Five FET experts from academia, research companies and politics explain why public funds should be allocated to research on high-risk science and technology
Nowadays science and technology permeate our society. Just think of your use of the internet, mobile phones and cars, but also the most recent advancements in vital fields such as medicine or energy. All these developments have been made possible by the curiosity and imagination of visionary scientists.
But scientists can pursue their researches only if adequately funded. This is why public investments on high-risk, innovative research lines are fundamental. One example is the Future and Emerging Technologies (FET) programme, which supports scientists in carrying out their innovative ideas and finding applications to everybody’s life. The importance of ensuring adequate funding to the FET programme has been the main topic of the policy workshop held on the 7th of March at the European Parliament in Brussels (read the press release here).
The workshop was organised by the EFFECT project, in cooperation with the European Parliament’s ITRE Committee and European Commission’s DG CONNECT. It brought together representatives from European institutions, the FET Advisory Group, the H2020 FET Flagship Interim Evaluation Committee and the academic and industrial ecosystem.
One of the main outcomes of the events is a number of recommendations highlighting the benefits of investments on FET high-risk research. These benefits range from the development and application of new solutions to some of the major challenges faced by our society to maintenance of Europe’s technological leadership and the creation of innovative start-ups and high-tech SMEs. Find a detailed report on the event’s outcomes here.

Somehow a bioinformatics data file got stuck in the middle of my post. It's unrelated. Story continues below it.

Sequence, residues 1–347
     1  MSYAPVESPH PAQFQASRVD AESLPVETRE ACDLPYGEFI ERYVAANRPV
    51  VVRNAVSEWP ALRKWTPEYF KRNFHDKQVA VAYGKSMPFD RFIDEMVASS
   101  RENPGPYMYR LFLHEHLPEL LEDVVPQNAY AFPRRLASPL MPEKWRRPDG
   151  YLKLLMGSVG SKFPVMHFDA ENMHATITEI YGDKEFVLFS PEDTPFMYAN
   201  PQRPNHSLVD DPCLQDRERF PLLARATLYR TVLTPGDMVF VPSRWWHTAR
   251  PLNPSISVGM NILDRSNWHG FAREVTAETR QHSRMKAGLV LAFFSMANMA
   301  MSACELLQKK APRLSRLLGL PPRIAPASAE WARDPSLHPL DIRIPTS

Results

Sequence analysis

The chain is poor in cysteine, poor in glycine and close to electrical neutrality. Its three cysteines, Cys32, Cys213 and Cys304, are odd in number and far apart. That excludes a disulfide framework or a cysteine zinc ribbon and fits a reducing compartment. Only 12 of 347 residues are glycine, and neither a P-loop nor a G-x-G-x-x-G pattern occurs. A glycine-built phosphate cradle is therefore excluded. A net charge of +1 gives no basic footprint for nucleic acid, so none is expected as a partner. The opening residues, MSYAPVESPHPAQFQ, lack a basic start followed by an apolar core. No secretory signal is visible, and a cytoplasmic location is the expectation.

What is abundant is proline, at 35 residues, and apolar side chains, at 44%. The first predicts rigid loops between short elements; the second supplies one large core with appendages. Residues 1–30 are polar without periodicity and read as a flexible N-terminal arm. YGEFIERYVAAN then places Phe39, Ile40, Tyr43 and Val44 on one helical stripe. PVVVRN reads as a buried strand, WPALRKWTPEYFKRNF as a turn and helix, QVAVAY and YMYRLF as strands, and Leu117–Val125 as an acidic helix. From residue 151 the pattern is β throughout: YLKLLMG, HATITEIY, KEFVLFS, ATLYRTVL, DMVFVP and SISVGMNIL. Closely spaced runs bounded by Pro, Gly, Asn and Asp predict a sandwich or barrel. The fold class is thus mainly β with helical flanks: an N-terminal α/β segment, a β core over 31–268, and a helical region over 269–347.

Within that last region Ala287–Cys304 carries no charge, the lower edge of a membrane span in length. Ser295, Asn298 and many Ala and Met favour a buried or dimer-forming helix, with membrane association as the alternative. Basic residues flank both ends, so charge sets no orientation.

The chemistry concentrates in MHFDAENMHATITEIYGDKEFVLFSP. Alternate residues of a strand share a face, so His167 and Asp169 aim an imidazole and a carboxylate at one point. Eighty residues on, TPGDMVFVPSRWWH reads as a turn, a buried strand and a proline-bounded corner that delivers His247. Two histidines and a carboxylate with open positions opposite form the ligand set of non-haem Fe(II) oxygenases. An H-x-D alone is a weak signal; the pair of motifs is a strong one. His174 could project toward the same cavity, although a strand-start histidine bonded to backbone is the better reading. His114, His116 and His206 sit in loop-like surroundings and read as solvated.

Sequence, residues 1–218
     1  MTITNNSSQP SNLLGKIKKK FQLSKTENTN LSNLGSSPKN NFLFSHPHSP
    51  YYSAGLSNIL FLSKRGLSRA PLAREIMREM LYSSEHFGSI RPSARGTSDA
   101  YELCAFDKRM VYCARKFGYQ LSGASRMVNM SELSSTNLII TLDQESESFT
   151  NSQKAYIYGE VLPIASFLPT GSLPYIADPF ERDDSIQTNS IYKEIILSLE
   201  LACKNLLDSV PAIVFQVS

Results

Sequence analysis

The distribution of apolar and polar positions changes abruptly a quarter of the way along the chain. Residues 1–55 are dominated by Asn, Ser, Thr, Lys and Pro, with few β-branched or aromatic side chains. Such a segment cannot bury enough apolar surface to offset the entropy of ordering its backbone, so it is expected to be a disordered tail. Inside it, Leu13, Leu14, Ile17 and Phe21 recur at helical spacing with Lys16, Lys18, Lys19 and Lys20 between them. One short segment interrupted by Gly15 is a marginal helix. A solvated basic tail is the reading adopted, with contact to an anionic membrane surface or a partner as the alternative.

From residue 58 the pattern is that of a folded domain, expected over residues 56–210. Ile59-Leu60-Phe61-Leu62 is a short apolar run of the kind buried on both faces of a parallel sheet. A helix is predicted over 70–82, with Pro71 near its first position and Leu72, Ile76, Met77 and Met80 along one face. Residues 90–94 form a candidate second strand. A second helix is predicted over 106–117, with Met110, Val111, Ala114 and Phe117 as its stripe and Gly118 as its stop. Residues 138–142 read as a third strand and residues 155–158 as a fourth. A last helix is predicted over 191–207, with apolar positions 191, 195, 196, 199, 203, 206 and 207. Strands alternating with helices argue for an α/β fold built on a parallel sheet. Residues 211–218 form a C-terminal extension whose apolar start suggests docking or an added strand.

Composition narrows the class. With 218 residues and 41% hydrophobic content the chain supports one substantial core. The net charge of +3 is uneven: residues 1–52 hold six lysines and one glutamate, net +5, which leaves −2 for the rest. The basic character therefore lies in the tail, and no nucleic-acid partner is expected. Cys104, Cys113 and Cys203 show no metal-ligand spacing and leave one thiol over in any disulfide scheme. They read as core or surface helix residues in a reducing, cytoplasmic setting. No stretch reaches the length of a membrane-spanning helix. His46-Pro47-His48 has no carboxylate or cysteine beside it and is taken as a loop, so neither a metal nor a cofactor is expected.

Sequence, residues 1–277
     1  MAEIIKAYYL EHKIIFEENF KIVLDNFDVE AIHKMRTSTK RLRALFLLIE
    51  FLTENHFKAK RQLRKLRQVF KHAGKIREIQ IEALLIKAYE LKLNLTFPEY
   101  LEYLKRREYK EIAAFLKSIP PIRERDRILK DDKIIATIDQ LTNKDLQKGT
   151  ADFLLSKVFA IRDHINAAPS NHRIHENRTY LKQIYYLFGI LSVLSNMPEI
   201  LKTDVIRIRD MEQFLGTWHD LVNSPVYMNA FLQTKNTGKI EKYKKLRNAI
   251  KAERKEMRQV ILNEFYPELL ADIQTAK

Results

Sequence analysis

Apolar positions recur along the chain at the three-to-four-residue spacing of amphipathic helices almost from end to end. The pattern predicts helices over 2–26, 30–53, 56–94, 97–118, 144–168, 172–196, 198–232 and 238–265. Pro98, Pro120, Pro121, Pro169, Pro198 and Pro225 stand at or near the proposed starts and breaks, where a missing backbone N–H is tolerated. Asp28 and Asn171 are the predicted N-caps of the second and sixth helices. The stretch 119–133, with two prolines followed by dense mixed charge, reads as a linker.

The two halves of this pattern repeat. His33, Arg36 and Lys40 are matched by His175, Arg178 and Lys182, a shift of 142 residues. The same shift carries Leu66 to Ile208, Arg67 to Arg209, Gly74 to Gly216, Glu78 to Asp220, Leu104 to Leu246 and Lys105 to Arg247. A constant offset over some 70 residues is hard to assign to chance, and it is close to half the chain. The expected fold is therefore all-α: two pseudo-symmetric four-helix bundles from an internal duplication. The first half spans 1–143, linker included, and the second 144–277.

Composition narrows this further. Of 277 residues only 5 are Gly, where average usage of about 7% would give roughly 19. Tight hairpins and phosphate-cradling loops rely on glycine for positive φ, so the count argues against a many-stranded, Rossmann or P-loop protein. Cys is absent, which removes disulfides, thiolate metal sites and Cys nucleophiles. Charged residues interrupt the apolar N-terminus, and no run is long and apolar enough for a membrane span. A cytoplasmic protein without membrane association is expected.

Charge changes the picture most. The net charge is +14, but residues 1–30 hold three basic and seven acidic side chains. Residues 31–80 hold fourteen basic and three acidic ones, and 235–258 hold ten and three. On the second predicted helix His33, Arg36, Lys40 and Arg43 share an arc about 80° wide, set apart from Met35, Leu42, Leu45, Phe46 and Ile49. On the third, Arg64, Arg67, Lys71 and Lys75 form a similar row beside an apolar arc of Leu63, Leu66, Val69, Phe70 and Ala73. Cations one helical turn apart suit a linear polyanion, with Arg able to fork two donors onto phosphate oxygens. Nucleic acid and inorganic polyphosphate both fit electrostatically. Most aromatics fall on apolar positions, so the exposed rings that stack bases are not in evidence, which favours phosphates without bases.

Want to know more on the benefits to society coming from investments on new scientific frontiers? Watch the above video, where five FET experts who participated in the workshop share their thoughts on the vital role of public science funding.
You can find the complete interviews here:
- Q&A with Paul Lukowicz, Full Professor of Artificial Intelligence at the Technical University of Kaiserslautern (Germany) and head of the Embedded Intelligence group at the German Research Center for Artificial Intelligence (DFKI GmbH)
- Q&A with Olivier Frey, head of Technologies & Platforms and Project Manager of Microphysiological Systems at InSphero AG
- Q&A with Daniela Corda, Director of the Institute of Protein Biochemistry of the CNR in Naples (Italy)
- Q&A with Khalil Rouhana, Deputy Director-General in DG Communications Networks, Content and Technology (CNECT) of the European Commission
- Q&A with Maria Chiara Carrozza, Professor of Industrial Bioengineering at the Sant’Anna School of Advanced Studies in Pisa (Italy)
Want to have your say “Why should interdisciplinary high-risk research on disruptive technologies be supported?” like the speakers above did? Join this open consultation!
Keen to meet more FET People? Find other videos here.